The Autobiography of Emperor Haile Sellassie I
From Jibuti to Jerusalem
The plan upon which We were resolved when We departed from Addis Ababa had been for Us to go to Geneva and to draw the attention of the League of Nations, with Our own voice, to the affliction and suffering brought upon us by the Italian aggressor as well as to seek justice. But We were conscious of the need, first of all, to prepare for the Empress and Our family, and for the many army commanders who had come out into exile with Us, a place at which they could stay, and We therefore decided to go to Jerusalem.
Hence, on Miyazya 25th (= 3rd May) the British warship ‘Enterprise’ arrived at Jibuti, and the Captain informed Us that We should prepare for embarkation.
The reason why this warship had reached Jibuti so quickly was this: when we were fighting with the Italians at Maytchaw, they had destroyed, by aerial bombardment, Our radio and telephone communications with Addis Ababa; Our ministers were, therefore, unable to get in touch with Us for about a month, and as news from Us was cut off and they were in difficulty over it, they contemplated sending the Empress and Our family to Jerusalem, while they themselves would go to western Ethiopia and set up the government at Gore. They held conversations with the British Minister at Addis Ababa with a view to the British Government sending a warship for the Empress, and the British Government had already notified its willingness to do so.
Some people, however, had gone so far as to spread it about that the reason why We were travelling on a British warship and had decided to come to Europe was that a friendly government had intervened in the matter and had proffered advice to this effect. This is a fairy-tale which is totally false, and there is no truth in it whatever. The main reason is simply as We have expounded it above. Also, since We were going to Jerusalem, in a British mandated territory, no-one can fail to see the propriety of travelling in a British warship. Those people who have expressed this idea may not be cognizant of the nature of British hospitality.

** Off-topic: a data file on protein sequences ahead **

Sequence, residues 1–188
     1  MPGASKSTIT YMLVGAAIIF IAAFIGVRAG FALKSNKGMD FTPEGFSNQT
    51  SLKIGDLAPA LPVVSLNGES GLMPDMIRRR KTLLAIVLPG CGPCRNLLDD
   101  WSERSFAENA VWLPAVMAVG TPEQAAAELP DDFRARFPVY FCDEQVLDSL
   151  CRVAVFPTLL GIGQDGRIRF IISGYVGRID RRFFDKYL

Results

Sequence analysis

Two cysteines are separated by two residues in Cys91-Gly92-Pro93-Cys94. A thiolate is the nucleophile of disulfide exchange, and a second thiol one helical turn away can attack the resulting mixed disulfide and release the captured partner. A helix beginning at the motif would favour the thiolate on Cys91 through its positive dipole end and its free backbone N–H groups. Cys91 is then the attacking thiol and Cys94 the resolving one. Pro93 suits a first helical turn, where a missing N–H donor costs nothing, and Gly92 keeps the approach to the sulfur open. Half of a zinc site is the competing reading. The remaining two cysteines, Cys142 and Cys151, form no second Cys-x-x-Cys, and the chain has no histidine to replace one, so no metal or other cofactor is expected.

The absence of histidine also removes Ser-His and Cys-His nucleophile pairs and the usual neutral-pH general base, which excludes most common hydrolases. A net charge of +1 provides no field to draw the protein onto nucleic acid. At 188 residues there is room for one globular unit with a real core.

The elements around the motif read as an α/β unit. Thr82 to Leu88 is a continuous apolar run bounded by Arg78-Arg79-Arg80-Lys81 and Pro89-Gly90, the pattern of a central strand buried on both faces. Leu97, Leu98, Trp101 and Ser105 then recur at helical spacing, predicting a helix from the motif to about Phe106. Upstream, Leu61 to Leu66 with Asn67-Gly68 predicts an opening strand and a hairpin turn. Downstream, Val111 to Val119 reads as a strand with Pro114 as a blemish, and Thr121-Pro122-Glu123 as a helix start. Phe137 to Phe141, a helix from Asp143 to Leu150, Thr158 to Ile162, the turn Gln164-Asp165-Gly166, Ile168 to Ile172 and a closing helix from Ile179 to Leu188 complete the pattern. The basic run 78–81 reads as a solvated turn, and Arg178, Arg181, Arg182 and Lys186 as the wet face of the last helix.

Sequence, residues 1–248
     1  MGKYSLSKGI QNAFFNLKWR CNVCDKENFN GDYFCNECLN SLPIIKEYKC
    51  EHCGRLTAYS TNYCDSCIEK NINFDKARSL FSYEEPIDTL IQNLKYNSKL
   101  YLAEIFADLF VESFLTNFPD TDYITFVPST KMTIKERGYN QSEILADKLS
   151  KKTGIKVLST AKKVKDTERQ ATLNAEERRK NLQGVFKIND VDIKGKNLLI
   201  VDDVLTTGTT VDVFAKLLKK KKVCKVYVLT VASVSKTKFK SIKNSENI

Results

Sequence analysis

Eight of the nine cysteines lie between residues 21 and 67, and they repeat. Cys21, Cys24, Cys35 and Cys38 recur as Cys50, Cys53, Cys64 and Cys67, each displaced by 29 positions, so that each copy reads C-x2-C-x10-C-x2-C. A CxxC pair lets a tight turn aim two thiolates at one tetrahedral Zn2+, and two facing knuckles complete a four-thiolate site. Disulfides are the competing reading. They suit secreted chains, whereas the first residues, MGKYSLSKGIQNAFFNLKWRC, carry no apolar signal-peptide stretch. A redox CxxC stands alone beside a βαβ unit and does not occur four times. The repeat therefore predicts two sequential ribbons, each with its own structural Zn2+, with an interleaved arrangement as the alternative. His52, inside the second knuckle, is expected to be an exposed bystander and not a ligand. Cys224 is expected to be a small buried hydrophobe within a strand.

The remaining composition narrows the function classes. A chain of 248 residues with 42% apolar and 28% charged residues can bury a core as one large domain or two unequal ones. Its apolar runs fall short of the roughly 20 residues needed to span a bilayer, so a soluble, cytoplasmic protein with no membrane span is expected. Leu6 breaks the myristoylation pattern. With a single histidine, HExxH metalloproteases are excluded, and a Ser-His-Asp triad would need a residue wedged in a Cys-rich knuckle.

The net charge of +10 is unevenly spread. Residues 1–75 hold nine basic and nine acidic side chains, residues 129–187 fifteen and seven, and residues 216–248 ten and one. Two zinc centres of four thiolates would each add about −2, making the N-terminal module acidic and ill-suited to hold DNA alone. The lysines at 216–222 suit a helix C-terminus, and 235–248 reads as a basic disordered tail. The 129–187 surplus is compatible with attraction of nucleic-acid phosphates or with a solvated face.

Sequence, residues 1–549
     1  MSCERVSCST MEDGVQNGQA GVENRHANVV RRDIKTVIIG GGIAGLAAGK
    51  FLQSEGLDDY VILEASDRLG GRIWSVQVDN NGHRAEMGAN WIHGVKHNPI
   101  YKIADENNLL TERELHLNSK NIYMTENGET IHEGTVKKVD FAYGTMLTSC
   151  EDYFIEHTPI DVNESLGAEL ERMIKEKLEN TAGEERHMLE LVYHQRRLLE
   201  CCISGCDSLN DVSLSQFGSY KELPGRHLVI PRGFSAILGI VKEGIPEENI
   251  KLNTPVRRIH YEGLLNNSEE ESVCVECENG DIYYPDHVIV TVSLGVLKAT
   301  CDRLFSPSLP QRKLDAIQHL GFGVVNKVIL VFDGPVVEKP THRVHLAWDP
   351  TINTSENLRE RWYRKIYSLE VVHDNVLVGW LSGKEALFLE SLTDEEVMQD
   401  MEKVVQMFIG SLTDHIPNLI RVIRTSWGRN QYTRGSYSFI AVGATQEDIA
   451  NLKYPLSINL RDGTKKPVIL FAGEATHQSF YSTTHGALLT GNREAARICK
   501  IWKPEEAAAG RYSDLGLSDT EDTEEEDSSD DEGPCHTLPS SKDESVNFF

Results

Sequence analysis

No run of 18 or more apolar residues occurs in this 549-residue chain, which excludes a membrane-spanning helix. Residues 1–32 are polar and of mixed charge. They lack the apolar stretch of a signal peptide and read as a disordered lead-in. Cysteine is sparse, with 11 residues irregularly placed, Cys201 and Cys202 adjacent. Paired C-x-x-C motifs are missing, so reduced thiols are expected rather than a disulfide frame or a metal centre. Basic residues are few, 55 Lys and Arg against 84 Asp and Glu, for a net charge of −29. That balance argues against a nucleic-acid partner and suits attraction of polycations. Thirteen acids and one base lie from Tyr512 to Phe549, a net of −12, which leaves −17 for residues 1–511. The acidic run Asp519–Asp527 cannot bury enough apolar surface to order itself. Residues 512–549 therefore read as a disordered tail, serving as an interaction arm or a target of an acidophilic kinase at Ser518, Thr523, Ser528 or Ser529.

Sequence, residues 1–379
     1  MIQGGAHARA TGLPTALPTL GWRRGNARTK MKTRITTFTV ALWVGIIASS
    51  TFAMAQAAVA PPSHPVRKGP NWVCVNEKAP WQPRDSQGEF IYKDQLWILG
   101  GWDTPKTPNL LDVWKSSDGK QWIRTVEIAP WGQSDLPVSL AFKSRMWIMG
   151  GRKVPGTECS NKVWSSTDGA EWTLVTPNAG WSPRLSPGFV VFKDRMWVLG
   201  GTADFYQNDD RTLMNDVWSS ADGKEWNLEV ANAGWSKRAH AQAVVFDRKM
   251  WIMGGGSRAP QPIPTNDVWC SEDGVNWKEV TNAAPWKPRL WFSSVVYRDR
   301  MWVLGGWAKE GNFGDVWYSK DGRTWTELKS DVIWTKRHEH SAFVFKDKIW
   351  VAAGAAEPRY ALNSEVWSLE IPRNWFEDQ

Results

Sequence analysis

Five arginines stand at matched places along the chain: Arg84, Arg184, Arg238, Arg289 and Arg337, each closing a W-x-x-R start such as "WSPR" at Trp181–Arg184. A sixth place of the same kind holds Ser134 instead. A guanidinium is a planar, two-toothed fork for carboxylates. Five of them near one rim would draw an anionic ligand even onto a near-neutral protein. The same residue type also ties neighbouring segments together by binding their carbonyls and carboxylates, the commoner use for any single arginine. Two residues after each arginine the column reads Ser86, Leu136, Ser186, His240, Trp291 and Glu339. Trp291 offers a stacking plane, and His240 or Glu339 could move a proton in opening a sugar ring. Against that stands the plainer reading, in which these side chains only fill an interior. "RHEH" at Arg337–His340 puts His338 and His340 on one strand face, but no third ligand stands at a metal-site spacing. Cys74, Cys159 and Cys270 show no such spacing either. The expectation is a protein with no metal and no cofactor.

On the morrow, Monday 26th Miyazya 1928 (= 4th May 1936), at approximately 10 o’clock (= 4 p.m.) in the afternoon, We boarded the warship. Just before the ship was about to sail, the army commanders who had continued resisting on the Ogaden front, i.e. Dejazmatch Nasibu Zamanel, Dejazmatch Habta Mika’el Yenadu, Dejazmatch Amde Habta Sellasse, Dejazmatch Ababa Damtaw, and Dejazmatch Makonnen Endalkatchaw, came to Us to convey a report on what they had done in the past and to receive orders on what they were to do in future. After submitting their report and receiving instructions for future action, they took their leave with great sorrow. Later, however, with the exception only of Dejazmatch Habta Mika’el Yenadu, they were to come on another boat.
As the ship set out on her voyage, the Government of the colony of French Somaliland offered Us a farewell salute by firing guns and by having aircraft fly close to the ship in which We were sailing. Our heart was touched with joy at this gesture.